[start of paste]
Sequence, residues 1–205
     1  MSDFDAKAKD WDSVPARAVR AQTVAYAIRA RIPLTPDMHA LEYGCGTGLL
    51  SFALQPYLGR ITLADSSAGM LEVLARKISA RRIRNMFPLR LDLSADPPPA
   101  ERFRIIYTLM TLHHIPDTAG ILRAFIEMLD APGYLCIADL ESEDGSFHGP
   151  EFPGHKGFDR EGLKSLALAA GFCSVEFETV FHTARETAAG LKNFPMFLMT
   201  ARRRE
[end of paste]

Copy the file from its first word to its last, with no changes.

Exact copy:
Sequence, residues 1–205
     1  MSDFDAKAKD WDSVPARAVR AQTVAYAIRA RIPLTPDMHA LEYGCGTGLL
    51  SFALQPYLGR ITLADSSAGM LEVLARKISA RRIRNMFPLR LDLSADPPPA
   101  ERFRIIYTLM TLHHIPDTAG ILRAFIEMLD APGYLCIADL ESEDGSFHGP
   151  EFPGHKGFDR EGLKSLALAA GFCSVEFETV FHTARETAAG LKNFPMFLMT
   201  ARRRE